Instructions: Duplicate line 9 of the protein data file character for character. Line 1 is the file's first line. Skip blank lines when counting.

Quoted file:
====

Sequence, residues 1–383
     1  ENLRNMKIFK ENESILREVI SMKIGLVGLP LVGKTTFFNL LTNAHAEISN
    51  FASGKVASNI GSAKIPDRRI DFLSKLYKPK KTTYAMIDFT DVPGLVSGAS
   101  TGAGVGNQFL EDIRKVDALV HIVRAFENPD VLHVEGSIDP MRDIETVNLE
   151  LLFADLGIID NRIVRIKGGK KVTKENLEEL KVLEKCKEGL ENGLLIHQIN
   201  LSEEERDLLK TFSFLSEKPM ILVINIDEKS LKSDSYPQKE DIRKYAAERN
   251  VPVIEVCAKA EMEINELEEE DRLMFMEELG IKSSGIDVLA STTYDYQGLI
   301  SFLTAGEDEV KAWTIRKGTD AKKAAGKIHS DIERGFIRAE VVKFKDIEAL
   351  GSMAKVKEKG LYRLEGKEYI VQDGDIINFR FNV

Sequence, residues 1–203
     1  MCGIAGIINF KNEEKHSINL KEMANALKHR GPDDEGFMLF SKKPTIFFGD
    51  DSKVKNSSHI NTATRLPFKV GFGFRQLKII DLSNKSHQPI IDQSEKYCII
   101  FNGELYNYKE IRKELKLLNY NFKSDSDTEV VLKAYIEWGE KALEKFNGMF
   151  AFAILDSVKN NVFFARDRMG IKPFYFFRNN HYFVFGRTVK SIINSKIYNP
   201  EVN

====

   351  GSMAKVKEKG LYRLEGKEYI VQDGDIINFR FNV